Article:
Announcement

Collapse
No announcement yet.

Steam On Linux Is Ending Summer 2020 At Just Under 0.9% Marketshare

Collapse
X
 
  • Filter
  • Time
  • Show
Clear All
new posts

  • #11
    I have been very pleasantly shocked lately with the Linux support for gaming. Yes it is not at all up to par with Windows for the latest and greatest, but there is so much more Linux native content then ever before.

    Steam support is just amazing and their work on Proton has been game changing! I actually had space pirate invaders playing extremely well via proton though an HTC Vive headset. I was floored that it even loaded, much less had a solid VR experience.

    Gaming on Linux has so dramatically changed since I started with Linux in high school. Fully agreed its not at the level of Windows and sure you probably wont ever see Warzone running on it, but for the kind of gaming I have time for these days (Factorio, Civ 6, Minecraft, Satisfactory, etc.) it is an amazingly good experience.

    My thanks to all the incredible work put into it by companies like Steam and groups like Wine. I can now play the games I have time for without having to leave my dev environment.

    Comment


    • #12
      Originally posted by Almindor View Post

      That's a pretty good write up. I agree. Linux has failed as a gaming platform and for good technical reasons at that.

      It's just not a platform for closed source. I get more stability from running Linux native games via ProtonDB (thanks steam for that option btw.) in many cases.

      OS update? Oh no a native game stopped working coz <libX>. Game update? Crash on start. It's been pretty ridiculous tbh.

      I'm saying this as a Linux main since early 2000s. I'm never going to switch to Windows of Mac for my main setup since they both suck on so many levels, but for gaming, Linux has failed and I don't think with how things are setup up that it can succeed.
      I don't really agree with this. Linux gaming has been mostly great for me. While it's possible library updates can break things, properly designed games will include all necessary libraries needed in the installer or statically link them. For instance, plenty of ancient binary-only Linux games can still be made to run on modern distributions.

      https://github.com/liflg

      Steam also helps with this with their Steam Runtime for developers that choose to target it for native games.

      In regards to broken games, the problem here really is quality assurance. Supporting games on Linux takes at least an equal development effort to supporting them on Windows, but many game developers don't have the knowledge and/or refuse to properly support the platform because giving equal development effort doesn't pay the bills when there are far fewer users on the platform. Some developers simply press the export button in the game engine and call it good without even testing the game themselves on Linux. These developers also put bug fixing at a very low or no priority when so few of their users are playing on Linux.

      I think developers such as Facepunch who have half-assed support in the past see that it isn't good enough to barely lift a finger and rightfully decide to discontinue support for our platform at our dismay. Poorly supported native games will almost certainly run better in a Windows compatibility layer, sans kernel anti-cheat features.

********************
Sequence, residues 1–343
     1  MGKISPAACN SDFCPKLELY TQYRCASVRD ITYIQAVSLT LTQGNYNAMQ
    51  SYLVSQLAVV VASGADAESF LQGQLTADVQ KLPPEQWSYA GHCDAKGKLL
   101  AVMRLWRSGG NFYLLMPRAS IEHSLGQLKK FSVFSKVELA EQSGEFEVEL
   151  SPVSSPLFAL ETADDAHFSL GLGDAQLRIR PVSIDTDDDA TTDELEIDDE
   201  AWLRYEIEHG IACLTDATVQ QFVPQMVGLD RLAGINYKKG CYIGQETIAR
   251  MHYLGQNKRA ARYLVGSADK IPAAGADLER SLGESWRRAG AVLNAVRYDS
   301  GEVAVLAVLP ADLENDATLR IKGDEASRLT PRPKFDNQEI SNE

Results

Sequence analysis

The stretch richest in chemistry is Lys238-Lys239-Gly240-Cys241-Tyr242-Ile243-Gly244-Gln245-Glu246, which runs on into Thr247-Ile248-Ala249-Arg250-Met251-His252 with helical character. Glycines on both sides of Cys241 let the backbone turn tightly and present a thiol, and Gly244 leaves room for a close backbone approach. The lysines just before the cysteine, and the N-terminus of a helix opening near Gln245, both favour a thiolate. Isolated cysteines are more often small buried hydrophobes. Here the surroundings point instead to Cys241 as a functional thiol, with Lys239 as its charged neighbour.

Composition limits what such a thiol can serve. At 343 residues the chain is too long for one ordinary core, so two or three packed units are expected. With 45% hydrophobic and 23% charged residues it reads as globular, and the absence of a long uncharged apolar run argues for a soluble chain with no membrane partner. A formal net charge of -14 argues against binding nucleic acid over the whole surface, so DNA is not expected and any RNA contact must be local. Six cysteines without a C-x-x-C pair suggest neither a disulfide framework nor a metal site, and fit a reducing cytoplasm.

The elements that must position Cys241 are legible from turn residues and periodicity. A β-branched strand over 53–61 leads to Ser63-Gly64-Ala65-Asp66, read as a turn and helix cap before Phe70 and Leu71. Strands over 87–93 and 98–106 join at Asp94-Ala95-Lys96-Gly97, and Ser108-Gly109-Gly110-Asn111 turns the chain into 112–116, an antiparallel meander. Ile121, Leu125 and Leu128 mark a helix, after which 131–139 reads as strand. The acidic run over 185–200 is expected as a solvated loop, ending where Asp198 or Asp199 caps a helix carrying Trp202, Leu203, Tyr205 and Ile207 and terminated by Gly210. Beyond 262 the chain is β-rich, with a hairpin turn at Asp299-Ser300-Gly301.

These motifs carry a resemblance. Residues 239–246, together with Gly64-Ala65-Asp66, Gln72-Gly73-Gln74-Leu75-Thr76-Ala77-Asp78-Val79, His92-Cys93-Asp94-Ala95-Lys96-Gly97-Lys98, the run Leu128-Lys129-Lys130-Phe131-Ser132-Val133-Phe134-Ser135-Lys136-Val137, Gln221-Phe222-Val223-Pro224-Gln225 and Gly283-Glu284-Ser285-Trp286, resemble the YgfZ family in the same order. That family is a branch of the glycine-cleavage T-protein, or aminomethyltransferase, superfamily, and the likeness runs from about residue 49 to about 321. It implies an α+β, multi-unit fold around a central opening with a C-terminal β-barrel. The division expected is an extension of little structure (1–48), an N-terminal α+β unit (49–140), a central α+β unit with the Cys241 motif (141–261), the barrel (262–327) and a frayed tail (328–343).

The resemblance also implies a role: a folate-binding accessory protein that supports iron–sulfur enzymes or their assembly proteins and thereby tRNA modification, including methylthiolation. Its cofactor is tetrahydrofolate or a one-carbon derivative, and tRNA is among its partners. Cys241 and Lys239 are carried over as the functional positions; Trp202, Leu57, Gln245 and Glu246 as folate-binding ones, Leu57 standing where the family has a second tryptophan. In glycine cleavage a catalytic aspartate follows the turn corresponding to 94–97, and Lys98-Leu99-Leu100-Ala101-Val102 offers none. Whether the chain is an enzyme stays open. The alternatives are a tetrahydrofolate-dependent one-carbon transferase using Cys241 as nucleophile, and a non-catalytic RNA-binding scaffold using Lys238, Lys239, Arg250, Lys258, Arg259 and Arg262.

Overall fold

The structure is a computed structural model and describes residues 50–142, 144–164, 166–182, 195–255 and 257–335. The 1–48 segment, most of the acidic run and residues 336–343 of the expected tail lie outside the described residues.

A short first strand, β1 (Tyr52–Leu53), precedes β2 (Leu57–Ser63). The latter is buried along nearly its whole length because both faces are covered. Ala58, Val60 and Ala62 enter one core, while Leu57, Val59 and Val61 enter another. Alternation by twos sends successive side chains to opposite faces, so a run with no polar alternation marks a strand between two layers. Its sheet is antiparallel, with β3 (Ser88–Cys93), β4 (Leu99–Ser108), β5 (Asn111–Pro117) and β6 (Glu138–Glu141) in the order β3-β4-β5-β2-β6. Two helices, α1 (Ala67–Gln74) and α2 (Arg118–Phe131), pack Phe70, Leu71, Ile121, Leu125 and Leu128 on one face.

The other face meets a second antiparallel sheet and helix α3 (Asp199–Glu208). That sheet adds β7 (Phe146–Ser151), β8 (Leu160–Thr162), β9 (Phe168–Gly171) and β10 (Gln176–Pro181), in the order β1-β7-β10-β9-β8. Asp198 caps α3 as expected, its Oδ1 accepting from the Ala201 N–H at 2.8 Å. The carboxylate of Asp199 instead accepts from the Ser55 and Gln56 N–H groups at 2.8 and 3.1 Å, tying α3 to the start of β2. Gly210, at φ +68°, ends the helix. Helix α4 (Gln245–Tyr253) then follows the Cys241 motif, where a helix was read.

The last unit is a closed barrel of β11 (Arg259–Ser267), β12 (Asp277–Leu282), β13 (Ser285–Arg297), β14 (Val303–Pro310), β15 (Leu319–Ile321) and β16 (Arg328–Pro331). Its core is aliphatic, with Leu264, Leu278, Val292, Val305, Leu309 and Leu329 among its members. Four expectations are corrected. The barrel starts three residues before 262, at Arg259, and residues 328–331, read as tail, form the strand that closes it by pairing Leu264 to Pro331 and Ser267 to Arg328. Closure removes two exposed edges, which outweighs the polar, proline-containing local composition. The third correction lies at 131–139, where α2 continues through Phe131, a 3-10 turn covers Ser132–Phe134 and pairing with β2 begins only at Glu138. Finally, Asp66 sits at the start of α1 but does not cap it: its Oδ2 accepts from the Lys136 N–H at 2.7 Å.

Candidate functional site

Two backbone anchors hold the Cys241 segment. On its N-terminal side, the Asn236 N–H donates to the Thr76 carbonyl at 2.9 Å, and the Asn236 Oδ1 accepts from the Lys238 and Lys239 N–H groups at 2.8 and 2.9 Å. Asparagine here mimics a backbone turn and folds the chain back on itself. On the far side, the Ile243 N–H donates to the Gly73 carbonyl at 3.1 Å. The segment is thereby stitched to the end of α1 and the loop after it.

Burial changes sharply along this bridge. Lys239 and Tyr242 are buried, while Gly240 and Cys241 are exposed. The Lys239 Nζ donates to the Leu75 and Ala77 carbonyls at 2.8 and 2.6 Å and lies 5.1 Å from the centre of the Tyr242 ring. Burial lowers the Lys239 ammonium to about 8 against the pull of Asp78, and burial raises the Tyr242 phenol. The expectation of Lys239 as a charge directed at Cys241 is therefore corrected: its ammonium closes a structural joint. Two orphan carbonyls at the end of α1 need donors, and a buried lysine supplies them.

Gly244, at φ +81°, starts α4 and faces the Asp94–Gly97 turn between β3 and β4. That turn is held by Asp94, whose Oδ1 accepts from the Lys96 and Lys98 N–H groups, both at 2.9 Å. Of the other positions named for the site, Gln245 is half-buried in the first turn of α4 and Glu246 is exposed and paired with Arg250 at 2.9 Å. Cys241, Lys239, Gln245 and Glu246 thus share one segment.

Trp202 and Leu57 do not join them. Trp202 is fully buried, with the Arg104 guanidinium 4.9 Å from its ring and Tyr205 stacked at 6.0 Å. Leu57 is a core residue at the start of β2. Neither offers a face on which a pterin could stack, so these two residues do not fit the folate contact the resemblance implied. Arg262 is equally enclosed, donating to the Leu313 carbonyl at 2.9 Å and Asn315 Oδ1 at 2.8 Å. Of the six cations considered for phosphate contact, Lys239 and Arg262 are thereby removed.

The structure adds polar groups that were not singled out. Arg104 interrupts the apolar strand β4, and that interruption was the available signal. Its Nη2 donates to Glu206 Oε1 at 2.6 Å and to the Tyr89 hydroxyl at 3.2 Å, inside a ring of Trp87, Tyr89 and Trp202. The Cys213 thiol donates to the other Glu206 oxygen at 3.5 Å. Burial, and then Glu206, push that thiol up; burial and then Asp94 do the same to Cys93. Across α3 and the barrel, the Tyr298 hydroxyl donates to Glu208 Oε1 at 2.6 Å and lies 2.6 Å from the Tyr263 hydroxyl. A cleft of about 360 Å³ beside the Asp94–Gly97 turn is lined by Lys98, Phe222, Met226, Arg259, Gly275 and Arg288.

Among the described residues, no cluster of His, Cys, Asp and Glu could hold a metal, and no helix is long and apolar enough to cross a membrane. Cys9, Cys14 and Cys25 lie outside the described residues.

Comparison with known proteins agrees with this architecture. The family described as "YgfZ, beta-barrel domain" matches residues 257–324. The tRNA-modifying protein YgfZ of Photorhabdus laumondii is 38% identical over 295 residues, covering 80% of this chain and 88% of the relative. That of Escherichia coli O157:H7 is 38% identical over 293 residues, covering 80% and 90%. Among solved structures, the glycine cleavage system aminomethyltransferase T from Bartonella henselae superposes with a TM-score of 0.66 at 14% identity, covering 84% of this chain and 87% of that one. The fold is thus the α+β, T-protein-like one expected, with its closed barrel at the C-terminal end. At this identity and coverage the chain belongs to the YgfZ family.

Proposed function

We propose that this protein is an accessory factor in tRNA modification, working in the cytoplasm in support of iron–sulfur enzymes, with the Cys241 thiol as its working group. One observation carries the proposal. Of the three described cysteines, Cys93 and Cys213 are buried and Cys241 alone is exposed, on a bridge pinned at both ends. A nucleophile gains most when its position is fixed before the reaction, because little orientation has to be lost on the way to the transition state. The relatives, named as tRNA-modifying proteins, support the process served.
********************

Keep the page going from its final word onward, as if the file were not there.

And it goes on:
Last edited by Xaero_Vincent; 09-02-2020, 10:33 PM.

      Comment


      • #13
        Originally posted by Xaero_Vincent View Post

        I don't really agree with this. Linux gaming has been mostly great for me. While it's possible library updates can break things, properly designed games will include all necessary libraries needed in the installer or statically link them. For instance, plenty of ancient binary-only Linux games can still be made to run on modern distributions.

        https://github.com/liflg

        Steam also helps with this with their Steam Runtime for developers that choose to target it for native games.

        In regards to broken games, the problem here really is quality assurance. Supporting games on Linux takes at least an equal development effort to supporting them on Windows, but many game developers don't have the knowledge and/or refuse to properly support the platform because giving equal development effort doesn't pay the bills when there are far fewer users on the platform. Some developers simply press the export button in the game engine and call it good without even testing the game themselves on Linux. These developers also put bug fixing at a very low or no priority when so few of their users are playing on Linux.

        I think developers such as Facepunch who have half-assed support in the past see that it isn't good enough to barely lift a finger and rightfully decide to discontinue support for our platform at our dismay. Poorly supported native games will almost certainly run better in a Windows compatibility layer, sans kernel anti-cheat features.
        Mostly true, but there are other than just libX problems. E.g. dbus messaging protocol changes, Wayland vs X/XWayland issues etc. These are platform level problems that cannot be fixed by flatpacking stuff.

        The effort to keep supporting Linux from a game dev is much greater than Windows or Mac. Why? because there are so many flavors of it. And on top of that you have the subsystems moving around (the already mentioned Wayland/X, pulseaudio etc.).